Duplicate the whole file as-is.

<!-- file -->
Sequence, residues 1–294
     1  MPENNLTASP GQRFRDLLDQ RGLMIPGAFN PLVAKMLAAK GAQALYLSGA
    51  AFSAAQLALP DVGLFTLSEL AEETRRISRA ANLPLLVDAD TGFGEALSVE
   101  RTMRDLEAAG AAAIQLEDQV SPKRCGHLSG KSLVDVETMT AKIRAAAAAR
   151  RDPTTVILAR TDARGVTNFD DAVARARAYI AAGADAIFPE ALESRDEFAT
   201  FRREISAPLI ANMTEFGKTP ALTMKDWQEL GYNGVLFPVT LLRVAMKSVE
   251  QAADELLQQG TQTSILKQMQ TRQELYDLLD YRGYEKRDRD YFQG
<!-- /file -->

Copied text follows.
Sequence, residues 1–294
     1  MPENNLTASP GQRFRDLLDQ RGLMIPGAFN PLVAKMLAAK GAQALYLSGA
    51  AFSAAQLALP DVGLFTLSEL AEETRRISRA ANLPLLVDAD TGFGEALSVE
   101  RTMRDLEAAG AAAIQLEDQV SPKRCGHLSG KSLVDVETMT AKIRAAAAAR
   151  RDPTTVILAR TDARGVTNFD DAVARARAYI AAGADAIFPE ALESRDEFAT
   201  FRREISAPLI ANMTEFGKTP ALTMKDWQEL GYNGVLFPVT LLRVAMKSVE
   251  QAADELLQQG TQTSILKQMQ TRQELYDLLD YRGYEKRDRD YFQG